“I don’t think there is the same gap in ability say as there would have been when I was there. I don’t know whether schools rugby is getting better or it’s the players themselves, physically better able to handle senior rugby. I felt there was a big gap between me and the senior squad when I was in the academy.

“If a guy from the academy was called up in my day for an A game it was almost like winning a senior cap. It was a big deal. A handful of lads were training with the senior squad which seemed like a massive deal whereas now we train with the academy guys day in, day out so there is not the same gap.

“I was lucky. There was obviously Brian (O’Driscoll) and Darce (Gordon D’Arcy) who were by a long way number one (pairing) but there was a small bit of a gap behind.

“There’s a lot of luck involved at that age because if there is a handful of young lads in your position it creates a logjam; if you look at backrows in Leinster they’re producing them for fun and it can be much more difficult to get game time. It can just be timing as much as ability.”

He didn’t always enjoy good fortune, losing a year to a hip injury that required two operations. It was an uncomfortable time in every respect. “I suppose I didn’t always have faith I would come back. I had been out for nearly the entire season so I was nowhere near an established player. I had not played a lot of games so there was a lot of pressure for getting another contract.

“They re-signed me even though I had not played; I didn’t ask, I just signed the piece of paper as quickly as possible. It does make you appreciate everything a bit more. It was a tough time and I don’t know what I would have done if it hadn’t worked out but it just makes you want to make the most of the second chance you have got.”

He has completed a degree in Sports Management at UCD and is toying with the idea of doing a cookery course; “idle hands and all that”.

His injury sabbatical ended in December 2009 when he played 15 minutes of an A match for Leinster. The following week Cheika picked him to play against the Dragons at Rodney Parade. Leinster lost but O’Malley was struck by the input of senior players like Trevor Hogan and Stephen Keogh in a young side that lost heavily. “There is a good honesty culture in Leinster developed from those days. Shaggy (Shane Horgan) and Drico and players like that have been trying to instil it for years.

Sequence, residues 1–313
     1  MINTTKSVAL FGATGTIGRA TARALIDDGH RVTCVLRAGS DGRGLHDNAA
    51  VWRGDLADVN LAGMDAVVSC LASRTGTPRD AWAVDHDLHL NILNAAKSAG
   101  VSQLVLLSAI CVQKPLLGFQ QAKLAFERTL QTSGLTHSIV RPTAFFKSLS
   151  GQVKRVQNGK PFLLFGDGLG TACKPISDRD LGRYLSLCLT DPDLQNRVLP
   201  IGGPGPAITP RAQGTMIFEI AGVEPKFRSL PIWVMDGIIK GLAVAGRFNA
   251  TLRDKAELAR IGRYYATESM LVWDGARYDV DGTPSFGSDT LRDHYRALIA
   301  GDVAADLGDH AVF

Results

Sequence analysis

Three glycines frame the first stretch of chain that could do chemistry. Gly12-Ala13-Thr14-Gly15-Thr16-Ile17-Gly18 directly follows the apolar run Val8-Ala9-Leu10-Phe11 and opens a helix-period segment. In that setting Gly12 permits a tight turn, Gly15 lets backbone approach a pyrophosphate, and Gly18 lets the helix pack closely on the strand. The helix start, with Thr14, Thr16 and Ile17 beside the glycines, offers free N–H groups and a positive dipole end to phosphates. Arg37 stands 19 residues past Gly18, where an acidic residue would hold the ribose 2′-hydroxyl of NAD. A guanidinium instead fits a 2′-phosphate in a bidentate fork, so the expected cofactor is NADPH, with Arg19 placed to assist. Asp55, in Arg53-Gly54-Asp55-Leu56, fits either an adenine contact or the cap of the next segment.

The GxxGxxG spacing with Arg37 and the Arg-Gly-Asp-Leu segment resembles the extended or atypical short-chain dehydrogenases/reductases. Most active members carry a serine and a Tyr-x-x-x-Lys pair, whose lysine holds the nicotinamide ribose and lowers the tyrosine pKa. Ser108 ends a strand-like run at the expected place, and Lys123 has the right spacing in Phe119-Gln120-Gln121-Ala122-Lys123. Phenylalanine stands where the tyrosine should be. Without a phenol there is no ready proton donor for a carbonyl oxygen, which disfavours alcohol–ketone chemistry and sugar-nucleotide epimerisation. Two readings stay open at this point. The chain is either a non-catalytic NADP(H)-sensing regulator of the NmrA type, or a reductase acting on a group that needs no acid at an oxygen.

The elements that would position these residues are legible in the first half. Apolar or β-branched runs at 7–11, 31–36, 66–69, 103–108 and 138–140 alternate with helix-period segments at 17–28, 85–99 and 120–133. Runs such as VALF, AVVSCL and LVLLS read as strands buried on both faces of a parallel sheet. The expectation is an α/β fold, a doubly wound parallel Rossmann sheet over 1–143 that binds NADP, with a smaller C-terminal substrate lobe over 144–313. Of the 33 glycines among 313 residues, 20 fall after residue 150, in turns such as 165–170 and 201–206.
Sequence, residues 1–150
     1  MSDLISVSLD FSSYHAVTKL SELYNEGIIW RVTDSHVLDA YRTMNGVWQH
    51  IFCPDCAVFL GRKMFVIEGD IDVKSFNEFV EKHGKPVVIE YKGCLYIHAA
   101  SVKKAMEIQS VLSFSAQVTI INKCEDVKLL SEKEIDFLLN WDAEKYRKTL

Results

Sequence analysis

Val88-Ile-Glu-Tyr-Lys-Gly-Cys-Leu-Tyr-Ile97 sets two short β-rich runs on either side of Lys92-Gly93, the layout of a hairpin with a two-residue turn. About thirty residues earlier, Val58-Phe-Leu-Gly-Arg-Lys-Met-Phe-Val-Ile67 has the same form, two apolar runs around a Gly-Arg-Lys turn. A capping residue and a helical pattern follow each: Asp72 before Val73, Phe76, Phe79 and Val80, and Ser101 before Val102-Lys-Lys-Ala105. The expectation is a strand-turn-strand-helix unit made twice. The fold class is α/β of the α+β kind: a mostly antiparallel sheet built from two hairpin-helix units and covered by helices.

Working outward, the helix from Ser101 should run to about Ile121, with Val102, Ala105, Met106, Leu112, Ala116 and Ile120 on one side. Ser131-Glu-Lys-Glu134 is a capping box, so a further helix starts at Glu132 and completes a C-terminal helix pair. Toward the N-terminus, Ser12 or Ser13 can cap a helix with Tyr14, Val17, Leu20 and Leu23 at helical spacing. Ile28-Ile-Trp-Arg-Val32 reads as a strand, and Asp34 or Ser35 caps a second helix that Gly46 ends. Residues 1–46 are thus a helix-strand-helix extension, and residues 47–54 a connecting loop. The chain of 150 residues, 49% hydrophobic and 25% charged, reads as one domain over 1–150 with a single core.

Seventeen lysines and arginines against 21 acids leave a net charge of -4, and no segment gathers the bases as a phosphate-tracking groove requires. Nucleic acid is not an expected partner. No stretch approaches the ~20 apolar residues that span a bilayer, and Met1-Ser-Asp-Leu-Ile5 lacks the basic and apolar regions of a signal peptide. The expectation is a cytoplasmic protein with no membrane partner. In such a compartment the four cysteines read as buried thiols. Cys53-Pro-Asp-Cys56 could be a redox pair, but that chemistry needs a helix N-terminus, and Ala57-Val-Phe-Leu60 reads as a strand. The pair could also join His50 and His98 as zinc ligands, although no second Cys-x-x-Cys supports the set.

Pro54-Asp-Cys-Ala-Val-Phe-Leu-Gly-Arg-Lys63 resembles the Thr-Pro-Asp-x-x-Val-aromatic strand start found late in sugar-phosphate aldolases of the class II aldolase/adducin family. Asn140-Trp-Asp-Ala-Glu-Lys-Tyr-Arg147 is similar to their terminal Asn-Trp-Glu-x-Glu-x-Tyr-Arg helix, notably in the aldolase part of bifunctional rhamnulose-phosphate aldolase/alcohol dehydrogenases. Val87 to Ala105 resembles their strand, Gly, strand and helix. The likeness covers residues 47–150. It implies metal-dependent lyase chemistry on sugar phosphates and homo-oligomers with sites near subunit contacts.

“We might take it for granted. It was there when we arrived. He (Cheika) would never place too much expectation but yet those wins meant a huge amount to him. We had a couple of good wins.”

O’Malley had played 10 league games the following season – Schmidt had taken over that summer – when O’Driscoll suffered a cracked jaw while leading Ireland against Argentina in a November Test. He was ruled out of the province’s December trip to take on Clermont Auvergne at Stade Marcel Michelin. The 22-year-old Belvedere centre deputised, handed his European debut. He acquitted himself superbly, despite suffering a cracked rib but as he points out laughing: “Brian was fit enough to return the following week so I’m not sure I would have kept my place.”

In January he came on against Saracens in his second European game, scoring a try in the process. He has a remarkable strike-rate of three tries in just two starts in the tournament. He acknowledges the part O’Driscoll and D’Arcy have played in his development since he started training with them. “There has been a lot of encouragement from Gordon and Brian whether you are playing with them or coming in to replace them. They give you guidance.

“You’d be mad if you didn’t listen to what they say on the basis of the careers. They would give advice, getting the balance of letting you know something that is worthwhile rather then telling you every little detail where you feel you’re being lectured. I don’t look at long-terms goals; 12 months doesn’t work in my head. I prefer to look back last month and work out what I did well and what needs improvement. The competition is so tough at Leinster that if you look past next week you can get a bit lost.”

O’Malley has consistently delivered on his talent, demonstrating a wonderful aptitude to function on pressure-laden occasions. He can fulfil the inside centre role too – he played outhalf in his schooldays – and signed a two-year contract last March. He is where he wants to be; well almost as the position is not yet vacant. “I don’t think playing in the number 13 shirt puts any more pressure on me. It is just a massive opportunity with the players that are out. My main motivation is to play well for my home province and keep wearing that jersey.”

O’Driscoll managed to induce triskaidekaphobia in opponents, a state of agitation O’Malley will strive to maintain.